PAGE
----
Retrospective Review of Radiographic Imaging of Tibial Bony Stress Injuries in Adolescent Athletes With Positive MRI Findings: A Comparative Study

Eric D. Nussbaum, Catherine King, Robert Epstein, Jaynie Bjornaraa, Patrick S. Buckley, Charles J. Gatt

Research output: Contribution to journalArticlepeer-review

1 Scopus citations

Abstract

Background: It is difficult to diagnose and grade bony stress injury (BSI) in the athletic adolescent population without advanced imaging. Radiographs are recommended as a first imaging modality, but have limited sensitivity and, even when findings are present, advanced imaging is often recommended. Hypothesis: It was hypothesized that the significance of radiographs is underestimated for BSI in the adolescent with positive clinical examination and history findings. Study design: Case series Level of evidence: Level 4 Methods: A total of 80 adolescent athletes with a history of shin pain underwent clinical examination by an orthopaedic surgeon. On the day of clinical examination, full-length bilateral tibial radiographs and magnetic resonance imaging (MRI) scans were obtained. MRI scans were reviewed using Fredericson grading for BSI. At the completion of the study, radiographic images were re-evaluated by 2 musculoskeletal (MSK) radiologists, blinded to MRI and clinical examination results, who reviewed the radiographs for evidence of BSI. Radiographic results were compared with clinical examination and MRI findings. Sensitivity, specificity, negative predictive value, and positive predictive value were calculated based on comparison with MRI. Results: All radiographs were originally read as normal. Of the tibia studied, 80% (127 of 160) showed evidence of BSI on MRI. None of the original radiographs demonstrated a fracture line on initial review by the orthopaedic surgeons. Retrospective review by 2 MSK radiologists identified 27% of radiographs (34 of 127) with evidence of abnormality, which correlated with clinical examination and significant findings on MRI. Review of radiographs found evidence of new bone on 0 of 28 Fredericson grade 0, 0 of 19 Fredericson grade I, 11 of 80 (13.7%) Fredericson grade II, 18 of 28 (64%) Fredericson grade III, and 5 of 5 (100%) Fredericson grade IV. Sensitivity of radiographs showed evidence of new bone on 27% (34 of 127) of initial radiographs, with presence more common with greater degree of BSI, as 23 of 33 (70%) were higher-grade injuries (III of IV) of BSI. Specificity and positive predictive value were 100%, while negative predictive value was 17%. Conclusion: These findings highlight the importance of initial radiographs in identifying high-grade BSI. As radiographs are readily available in most office settings of sports medicine physicians, this information can influence the management of adolescent athletic BSI without the need to delay treatment to obtain an MRI. Clinical Relevance: Adolescent athletes with radiographic evidence of BSI should be treated in a timely and more conservative manner, given the likelihood of higher-grade BSI. In addition, clinicians knowledgeable of the radiographic findings of high-grade BSI should feel more confident that a negative initial radiograph is not likely to be a high-grade BSI and can modify their treatment plans accordingly.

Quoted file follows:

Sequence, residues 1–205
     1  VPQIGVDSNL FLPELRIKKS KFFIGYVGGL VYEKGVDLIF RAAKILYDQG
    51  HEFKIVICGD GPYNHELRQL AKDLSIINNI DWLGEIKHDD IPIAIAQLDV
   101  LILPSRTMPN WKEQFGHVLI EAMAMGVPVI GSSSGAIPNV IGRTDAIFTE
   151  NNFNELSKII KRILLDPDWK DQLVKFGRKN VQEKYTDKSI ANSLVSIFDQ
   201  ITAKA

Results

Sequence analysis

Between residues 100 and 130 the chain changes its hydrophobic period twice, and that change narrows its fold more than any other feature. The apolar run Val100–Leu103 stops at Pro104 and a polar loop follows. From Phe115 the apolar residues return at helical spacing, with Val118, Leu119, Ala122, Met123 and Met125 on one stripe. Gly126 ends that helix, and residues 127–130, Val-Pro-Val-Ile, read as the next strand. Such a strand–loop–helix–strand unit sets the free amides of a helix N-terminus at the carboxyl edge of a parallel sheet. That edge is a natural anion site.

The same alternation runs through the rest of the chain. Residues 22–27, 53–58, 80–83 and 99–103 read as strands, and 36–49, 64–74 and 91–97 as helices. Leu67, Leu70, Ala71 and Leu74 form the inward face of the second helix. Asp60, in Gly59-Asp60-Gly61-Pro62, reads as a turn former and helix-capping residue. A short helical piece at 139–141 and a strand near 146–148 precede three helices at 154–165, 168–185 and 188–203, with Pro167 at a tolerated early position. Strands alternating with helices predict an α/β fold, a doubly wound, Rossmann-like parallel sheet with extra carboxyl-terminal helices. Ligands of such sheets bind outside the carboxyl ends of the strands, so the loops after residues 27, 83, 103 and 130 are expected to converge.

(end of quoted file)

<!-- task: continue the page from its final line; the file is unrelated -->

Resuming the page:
Original languageEnglish (US)
Pages (from-to)244-249
Number of pages6
JournalSports Health
Volume15
Issue number2
DOIs
StatePublished - Mar 1 2023

All Science Journal Classification (ASJC) codes

  • Orthopedics and Sports Medicine
  • Physical Therapy, Sports Therapy and Rehabilitation

Keywords

  • MRI
  • adolescent athlete
  • bony stress injury
  • new bone
  • radiograph
  • radiography

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